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Hand soldering exposed pad devices

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I want to try to design my own FPGA dev board for an Altera Cyclone series device since some of them are available in QFP packages. Only thing is that most of these (I think) are exposed pad type packages which are hard to hand solder. I have read that you can simply put vias under the pad and solder it from the back side.

Is this a good idea and how many of them and how large should they be? Or should I simply take the plunge and buy a hot air station (I don't want to if I don't have to)?

I have no problems soldering fine pitch devices (at least down to 0.5 mm anyway).

Did you mean QFN?

QFP = Quad Flat Package

You're thinking of Quad Flat No-Lead

You can't solder QFN packaged ICs by hand with an iron. They need a reflow oven or a hot air tool.

For a QFN package you can get away by tinning the pads and then soldering the device in place. Make sure you use flux. Be careful though, it takes a steady hand to work with these packages.

Here's a tutorial from Curious Inventor: http://store.curiousinventor.com/guide/Surface_Mount_Soldering/QFP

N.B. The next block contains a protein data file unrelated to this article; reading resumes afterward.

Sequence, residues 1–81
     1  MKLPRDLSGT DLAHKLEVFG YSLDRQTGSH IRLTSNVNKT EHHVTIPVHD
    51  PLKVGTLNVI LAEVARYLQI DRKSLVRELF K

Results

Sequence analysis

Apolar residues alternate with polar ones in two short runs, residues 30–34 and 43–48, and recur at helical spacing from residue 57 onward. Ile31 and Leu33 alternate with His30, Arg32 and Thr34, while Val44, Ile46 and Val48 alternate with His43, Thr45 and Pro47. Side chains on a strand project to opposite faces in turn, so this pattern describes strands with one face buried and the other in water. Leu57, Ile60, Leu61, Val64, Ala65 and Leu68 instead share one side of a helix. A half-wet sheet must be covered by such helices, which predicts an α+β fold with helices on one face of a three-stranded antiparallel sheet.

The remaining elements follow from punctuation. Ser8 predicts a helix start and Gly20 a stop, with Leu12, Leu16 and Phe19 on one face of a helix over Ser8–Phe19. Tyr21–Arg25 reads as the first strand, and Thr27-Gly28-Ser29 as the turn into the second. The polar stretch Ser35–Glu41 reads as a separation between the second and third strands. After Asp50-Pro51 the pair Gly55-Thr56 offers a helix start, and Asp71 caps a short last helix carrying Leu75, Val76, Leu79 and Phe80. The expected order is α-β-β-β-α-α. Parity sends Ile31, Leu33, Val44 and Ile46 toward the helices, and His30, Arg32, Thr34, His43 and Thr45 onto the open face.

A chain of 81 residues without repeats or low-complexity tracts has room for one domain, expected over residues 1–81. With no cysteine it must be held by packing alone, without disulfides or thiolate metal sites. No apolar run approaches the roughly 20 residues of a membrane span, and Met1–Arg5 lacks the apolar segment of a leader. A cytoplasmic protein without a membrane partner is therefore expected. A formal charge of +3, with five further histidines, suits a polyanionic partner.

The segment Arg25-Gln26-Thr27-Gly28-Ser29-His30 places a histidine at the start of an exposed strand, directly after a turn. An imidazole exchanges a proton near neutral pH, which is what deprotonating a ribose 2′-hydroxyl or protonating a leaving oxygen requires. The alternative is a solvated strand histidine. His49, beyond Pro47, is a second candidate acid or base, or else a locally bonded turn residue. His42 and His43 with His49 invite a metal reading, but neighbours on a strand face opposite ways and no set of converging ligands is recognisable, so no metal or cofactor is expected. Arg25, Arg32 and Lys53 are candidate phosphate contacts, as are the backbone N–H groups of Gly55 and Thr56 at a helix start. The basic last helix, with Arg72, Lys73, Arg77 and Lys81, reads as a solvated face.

They have a lot of good tutorials and guides.

Nope, I really do mean "QFP with exposed pad" or EQFP which Altera calls it. The pins themselves are no problem, I've done that fine pitch before. The problem is the exposed pad on the bottom of the device which according to Altera must be soldered. It's for grounding purposes, not thermal apparently.

Right, that's the Enhanced QFP.

I would not use multiple vias unless the board is really thick or the device is not resting flat on the pcb. You can apply some flux in paste form on the exposed pad of the device and place it. Then some flux on the other side, warm up the via and start applying solder. If the device is nearly flat on the PCB the entire pad will be soldered by surface tension.

About QFNs:

It is possible to solder the variety that has the pads exposed on the side faces of the device with an ordinary soldering iron and a bent conical or chisel tip.

You must elongate the exposed copper areas of the pads enough for the soldering iron tip to have good termal contact with them. Then apply a tiny amount of flux across the side of the device. I would suggest paste flux in this case to avoid flooding the area under the device with flux you cannot remove.

Apply a small amount of solder on a clean tip and just touch the corner formed by the pad and the device side. Surface tension will wet the pad under the device. The device pin will receive heat from the wet pad, flux and possibly directly from the iron forming a nice concave meniscus joint profile.

The whole process should take no more than half a second.


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